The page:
"Having completed his preliminary education, he matriculated as a student of medicine in the medical department of the University of Pennsylvania in the winter of 1845, selecting as his private preceptor the late Dr. Wm. Gerhard of Philadelphia, to whom he was ever warmly attached. In the spring of 1847 he received the degree of Doctor of Medicine. After graduating, however, he entered upon a course of special study, with the view of applying for admission to the U. S. navy, and in the winter of the same year appeared before the examining board of naval surgeons, and out of forty applicants he passed second on the list. His object in seeking the naval service was mainly to gratify his desire for foreign travel. But as there was then only one vacancy in the foreign service, he was assigned to home duty, which proved so distasteful to him that he soon resigned his commission as assistant surgeon in the navy, and at once removed to New Orleans, where, in 1848, he commenced the practice of medicine. As might have been expected, he soon made his mark in that metropolis of the southwest, and henceforward to the day of his death his name was identified with the medical and civil history of that city.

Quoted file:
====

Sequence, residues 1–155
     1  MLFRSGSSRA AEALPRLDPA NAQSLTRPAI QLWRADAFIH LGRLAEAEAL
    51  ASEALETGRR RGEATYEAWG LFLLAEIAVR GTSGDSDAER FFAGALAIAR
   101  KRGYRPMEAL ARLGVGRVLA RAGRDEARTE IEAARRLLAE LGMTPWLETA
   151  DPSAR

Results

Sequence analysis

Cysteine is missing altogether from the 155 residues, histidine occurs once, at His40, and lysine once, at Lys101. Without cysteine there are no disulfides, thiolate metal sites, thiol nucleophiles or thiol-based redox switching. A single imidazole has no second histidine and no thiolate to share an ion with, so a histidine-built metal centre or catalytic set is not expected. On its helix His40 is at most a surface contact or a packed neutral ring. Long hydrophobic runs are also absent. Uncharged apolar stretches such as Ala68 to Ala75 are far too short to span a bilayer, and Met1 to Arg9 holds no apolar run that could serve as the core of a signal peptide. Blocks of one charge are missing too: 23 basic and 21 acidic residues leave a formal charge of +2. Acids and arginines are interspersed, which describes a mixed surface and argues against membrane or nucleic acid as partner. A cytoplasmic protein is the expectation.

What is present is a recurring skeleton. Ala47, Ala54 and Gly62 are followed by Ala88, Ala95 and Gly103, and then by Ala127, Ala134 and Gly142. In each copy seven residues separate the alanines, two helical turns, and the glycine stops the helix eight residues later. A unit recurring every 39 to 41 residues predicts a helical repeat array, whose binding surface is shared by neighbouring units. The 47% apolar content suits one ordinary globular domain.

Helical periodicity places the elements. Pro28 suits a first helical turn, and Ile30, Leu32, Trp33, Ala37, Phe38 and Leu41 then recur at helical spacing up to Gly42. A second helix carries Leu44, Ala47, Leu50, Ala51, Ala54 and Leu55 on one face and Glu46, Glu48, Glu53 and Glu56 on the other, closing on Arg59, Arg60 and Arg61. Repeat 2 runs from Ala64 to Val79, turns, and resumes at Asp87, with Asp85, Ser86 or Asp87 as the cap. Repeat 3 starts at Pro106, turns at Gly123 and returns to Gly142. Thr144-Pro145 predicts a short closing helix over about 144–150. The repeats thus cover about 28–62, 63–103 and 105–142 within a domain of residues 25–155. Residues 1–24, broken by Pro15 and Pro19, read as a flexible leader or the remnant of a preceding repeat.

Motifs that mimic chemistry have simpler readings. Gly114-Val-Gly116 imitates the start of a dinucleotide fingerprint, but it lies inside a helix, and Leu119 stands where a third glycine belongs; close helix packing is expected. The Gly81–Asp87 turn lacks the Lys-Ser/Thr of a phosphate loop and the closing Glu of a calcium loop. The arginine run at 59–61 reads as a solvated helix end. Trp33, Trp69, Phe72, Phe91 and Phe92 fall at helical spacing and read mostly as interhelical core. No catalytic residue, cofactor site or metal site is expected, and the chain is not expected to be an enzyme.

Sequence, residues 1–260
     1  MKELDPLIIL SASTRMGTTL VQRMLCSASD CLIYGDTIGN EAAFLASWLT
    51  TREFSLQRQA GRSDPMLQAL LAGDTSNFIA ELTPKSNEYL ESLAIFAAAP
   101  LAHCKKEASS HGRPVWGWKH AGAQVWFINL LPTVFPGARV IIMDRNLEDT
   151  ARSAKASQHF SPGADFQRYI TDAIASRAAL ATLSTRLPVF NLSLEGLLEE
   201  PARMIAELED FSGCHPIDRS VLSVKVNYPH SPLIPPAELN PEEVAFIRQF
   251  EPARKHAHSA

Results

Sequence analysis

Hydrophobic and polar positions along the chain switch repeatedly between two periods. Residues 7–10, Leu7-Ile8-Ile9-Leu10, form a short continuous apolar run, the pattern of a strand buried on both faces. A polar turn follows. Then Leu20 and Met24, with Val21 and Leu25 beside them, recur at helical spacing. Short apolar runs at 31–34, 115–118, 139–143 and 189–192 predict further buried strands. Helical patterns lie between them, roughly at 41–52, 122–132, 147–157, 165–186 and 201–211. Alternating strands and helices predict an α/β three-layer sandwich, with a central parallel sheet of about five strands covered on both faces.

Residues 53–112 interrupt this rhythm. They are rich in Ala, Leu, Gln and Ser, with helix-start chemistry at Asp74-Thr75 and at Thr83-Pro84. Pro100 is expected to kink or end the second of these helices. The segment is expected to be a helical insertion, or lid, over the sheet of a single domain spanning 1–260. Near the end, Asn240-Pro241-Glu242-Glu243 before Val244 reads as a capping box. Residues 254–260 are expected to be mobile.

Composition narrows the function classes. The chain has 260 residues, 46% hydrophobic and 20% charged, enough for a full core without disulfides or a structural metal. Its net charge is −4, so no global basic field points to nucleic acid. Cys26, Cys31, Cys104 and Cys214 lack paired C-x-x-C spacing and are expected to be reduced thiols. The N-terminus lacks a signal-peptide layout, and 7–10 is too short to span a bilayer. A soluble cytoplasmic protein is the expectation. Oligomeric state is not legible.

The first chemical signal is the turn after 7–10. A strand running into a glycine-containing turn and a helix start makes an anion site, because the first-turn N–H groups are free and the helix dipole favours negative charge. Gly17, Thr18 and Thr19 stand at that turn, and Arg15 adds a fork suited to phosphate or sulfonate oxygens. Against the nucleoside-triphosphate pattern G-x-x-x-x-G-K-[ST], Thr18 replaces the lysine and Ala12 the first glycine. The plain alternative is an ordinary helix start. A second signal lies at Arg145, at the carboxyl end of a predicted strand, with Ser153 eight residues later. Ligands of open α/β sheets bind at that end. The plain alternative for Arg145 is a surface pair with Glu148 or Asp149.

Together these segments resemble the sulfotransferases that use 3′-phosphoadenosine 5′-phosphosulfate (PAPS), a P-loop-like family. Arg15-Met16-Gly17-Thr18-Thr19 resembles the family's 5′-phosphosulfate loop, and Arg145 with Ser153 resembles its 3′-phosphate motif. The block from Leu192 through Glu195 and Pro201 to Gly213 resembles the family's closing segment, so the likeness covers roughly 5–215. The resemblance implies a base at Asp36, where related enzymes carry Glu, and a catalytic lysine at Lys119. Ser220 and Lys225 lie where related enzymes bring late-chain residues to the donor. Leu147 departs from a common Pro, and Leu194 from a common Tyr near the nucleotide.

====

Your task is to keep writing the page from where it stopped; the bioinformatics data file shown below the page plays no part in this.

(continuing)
"There is so much sameness in the daily life, and in the daily conflict of the physician, that the history of one is usually the history of the many; it is needless, therefore, to go into any lengthy detail in tracing the career of Dr. Brickell. Let it suffice to say, that as a general practitioner of medicine, as physician and surgeon, and clinical lecturer in the Charity Hospital; as clinical teacher of the diseases of women and children; as professor of obstetrics in the New Orleans School of Medicine, one of the founders of which he was, as associate editor of the New Orleans Medical News and Hospital Gazette, and editor in chief of the Southern Journal of Medicine, and especially as an able writer on, and a skillful and judicious practitioner in, the treatment of yellow fever, he stood out prominent, and in all these regards acquitted himself handsomely.